Plans for large family home in grounds of Newstead Abbey thrown out
A planning inspector has ruled against plans to build a large five-bedroom family home within the grounds of Newstead Abbey.
Gedling Borough Council had objected to the development arguing it would affect green belt land.
The proposal was to demolish a single-storey, stone-clad, two-bedroom home with a number of outbuildings and create a five-bedroom family home.
The home was to be accessed from Station Avenue within the wider Newstead Abbey Park grounds, which contains a number of Grade II-listed buildings and is within Nottinghamshire’s green belt.
The abbey itself was first founded as a medieval priory and is most famous for being the home of poet Lord Byron in the early 19th century.
The existing bungalow was built in the 1960s and is not listed.
Developers said it is of ‘a low-quality design’ and does not ‘respect or enhance the character of the area’.
The proposal was for a five-bedroom family home including en-suite bedrooms, a lounge, kitchen/dining/sitting area, utility and storeroom, study and plant room, as well as a double garage.
Planning permission was refused by the council on April 9, which felt the proposal would result in the construction of a home in the green belt which would have ‘a significantly greater floor area than the original dwelling’.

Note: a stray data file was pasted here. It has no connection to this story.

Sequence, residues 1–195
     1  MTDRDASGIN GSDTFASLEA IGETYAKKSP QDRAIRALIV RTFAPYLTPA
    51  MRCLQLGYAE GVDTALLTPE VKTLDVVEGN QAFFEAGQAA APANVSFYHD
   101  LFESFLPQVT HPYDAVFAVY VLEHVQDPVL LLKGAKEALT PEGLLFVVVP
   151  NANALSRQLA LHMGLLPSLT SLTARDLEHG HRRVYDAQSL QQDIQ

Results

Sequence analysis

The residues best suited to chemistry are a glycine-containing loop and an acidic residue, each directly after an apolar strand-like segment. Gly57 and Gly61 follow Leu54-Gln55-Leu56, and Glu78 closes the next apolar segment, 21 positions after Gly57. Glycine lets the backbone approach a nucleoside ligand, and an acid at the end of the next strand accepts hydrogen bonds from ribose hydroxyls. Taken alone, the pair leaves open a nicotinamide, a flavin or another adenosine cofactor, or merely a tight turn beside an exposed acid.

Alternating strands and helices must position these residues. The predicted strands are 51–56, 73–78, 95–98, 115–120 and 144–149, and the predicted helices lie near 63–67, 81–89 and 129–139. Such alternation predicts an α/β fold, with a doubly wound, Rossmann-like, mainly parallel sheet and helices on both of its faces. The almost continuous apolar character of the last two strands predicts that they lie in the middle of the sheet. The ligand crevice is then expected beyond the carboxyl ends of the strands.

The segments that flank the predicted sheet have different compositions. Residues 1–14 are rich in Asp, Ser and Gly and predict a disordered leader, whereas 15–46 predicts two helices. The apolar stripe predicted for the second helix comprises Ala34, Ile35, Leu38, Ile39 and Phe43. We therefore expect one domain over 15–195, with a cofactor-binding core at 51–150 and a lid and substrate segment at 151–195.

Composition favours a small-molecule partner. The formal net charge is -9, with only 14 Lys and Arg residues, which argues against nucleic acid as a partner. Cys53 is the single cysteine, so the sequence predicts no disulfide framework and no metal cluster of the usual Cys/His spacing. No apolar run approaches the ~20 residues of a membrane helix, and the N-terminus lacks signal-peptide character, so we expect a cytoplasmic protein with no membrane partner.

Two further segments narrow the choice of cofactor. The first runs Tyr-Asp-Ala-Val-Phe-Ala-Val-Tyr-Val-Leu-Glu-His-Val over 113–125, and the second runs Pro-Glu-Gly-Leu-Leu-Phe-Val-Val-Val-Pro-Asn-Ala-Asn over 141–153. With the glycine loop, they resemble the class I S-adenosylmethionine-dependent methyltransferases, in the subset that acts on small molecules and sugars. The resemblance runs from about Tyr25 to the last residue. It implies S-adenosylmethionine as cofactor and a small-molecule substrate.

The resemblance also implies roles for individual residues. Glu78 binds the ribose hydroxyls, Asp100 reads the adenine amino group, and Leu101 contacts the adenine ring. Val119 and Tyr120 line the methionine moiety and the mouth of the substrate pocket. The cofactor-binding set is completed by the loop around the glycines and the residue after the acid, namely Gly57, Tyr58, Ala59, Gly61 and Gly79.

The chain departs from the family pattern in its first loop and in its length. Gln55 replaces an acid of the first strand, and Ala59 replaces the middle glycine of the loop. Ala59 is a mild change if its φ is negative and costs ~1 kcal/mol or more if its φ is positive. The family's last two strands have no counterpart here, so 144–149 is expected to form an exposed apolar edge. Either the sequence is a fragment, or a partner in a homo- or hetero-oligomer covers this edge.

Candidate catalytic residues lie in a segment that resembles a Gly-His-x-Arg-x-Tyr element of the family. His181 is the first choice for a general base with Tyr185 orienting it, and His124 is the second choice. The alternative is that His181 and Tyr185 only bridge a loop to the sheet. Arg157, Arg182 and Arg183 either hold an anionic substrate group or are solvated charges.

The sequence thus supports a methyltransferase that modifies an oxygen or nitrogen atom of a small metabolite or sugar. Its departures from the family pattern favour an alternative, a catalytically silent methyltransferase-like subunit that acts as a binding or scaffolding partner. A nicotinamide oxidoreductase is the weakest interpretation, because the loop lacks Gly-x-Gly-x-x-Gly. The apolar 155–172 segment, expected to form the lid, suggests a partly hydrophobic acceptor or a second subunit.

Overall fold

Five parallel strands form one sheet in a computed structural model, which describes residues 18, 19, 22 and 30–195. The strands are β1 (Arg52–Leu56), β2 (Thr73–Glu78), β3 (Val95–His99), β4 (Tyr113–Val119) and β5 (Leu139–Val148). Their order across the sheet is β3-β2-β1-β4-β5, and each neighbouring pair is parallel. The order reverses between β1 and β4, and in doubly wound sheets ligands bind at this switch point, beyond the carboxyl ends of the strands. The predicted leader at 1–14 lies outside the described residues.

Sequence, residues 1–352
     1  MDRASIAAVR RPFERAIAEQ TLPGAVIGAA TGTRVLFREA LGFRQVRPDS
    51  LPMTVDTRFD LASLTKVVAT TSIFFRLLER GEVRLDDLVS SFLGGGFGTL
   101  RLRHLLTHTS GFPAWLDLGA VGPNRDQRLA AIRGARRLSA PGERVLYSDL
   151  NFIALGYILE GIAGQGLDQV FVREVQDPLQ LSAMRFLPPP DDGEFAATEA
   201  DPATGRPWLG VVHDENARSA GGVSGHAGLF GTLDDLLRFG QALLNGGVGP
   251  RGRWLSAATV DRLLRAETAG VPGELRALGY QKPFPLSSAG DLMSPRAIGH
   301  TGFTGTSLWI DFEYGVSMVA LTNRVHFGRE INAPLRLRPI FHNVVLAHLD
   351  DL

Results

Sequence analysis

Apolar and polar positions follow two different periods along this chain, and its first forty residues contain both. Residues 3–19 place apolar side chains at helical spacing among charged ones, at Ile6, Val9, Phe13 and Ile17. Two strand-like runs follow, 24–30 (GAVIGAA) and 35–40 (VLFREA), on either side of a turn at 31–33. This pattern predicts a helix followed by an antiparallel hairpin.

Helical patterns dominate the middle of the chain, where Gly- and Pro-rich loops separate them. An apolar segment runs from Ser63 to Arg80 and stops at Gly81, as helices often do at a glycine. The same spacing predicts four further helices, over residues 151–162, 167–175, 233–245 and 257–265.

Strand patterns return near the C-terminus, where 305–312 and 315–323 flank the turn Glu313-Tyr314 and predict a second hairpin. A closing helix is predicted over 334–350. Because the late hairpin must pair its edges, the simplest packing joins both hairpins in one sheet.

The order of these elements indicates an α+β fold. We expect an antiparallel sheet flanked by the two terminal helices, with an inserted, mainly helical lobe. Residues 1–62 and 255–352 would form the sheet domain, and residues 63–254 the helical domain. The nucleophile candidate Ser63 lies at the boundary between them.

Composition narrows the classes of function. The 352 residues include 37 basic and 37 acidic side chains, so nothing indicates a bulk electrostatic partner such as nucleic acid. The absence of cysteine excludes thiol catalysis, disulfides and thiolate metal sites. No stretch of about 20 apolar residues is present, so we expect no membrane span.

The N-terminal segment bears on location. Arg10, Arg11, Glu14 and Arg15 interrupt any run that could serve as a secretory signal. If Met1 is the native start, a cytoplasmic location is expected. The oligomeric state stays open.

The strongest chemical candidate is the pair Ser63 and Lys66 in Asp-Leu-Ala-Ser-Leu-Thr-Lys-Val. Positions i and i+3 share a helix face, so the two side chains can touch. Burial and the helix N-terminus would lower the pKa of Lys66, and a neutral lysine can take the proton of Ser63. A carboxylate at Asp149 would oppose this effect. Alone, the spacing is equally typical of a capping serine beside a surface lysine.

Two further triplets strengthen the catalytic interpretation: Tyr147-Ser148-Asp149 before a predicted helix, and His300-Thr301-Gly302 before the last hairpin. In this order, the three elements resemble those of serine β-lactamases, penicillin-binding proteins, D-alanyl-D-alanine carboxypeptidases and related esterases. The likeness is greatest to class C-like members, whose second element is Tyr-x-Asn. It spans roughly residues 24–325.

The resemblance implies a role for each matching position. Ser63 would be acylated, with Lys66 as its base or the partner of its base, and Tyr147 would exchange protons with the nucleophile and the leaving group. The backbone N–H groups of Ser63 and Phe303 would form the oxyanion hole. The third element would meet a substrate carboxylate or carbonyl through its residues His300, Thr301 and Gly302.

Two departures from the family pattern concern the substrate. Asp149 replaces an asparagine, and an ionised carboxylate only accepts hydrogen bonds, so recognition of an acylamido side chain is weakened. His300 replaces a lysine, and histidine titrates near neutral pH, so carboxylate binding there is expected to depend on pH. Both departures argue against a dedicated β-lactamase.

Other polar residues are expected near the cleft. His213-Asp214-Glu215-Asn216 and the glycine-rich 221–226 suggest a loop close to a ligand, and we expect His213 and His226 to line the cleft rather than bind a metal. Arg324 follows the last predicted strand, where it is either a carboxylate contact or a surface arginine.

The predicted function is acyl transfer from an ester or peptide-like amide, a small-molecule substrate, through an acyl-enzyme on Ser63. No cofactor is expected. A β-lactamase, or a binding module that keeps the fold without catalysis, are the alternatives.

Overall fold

An appeal against this decision was lodged with the planning inspectorate, but has now been dismissed.
A report to the council’s next planning committee meeting includes the inspector’s conclusion, stating the frontage of the new house would ‘encroach’ into an area currently undeveloped.
The inspector said: “The proposed dwelling cannot reasonably be considered to be anything other than materially larger.
“In this instance, the effect of the cumulative increased size of the built development would clearly be experienced both visually and spatially.
“For this reason, the proposed development would compromise and significantly harm the openness of the green belt, in that it would be reduced.
“I have given considerable weight to the material consideration in respect of the improved sustainability of the replacement dwelling and limited weight to the other considerations cited in support of the proposal.
“However, I conclude these circumstances do not clearly outweigh the substantial weight I must give to the harm the scheme would cause.
“Consequently, very special circumstances necessary to justify inappropriate development in the green belt do not exist.”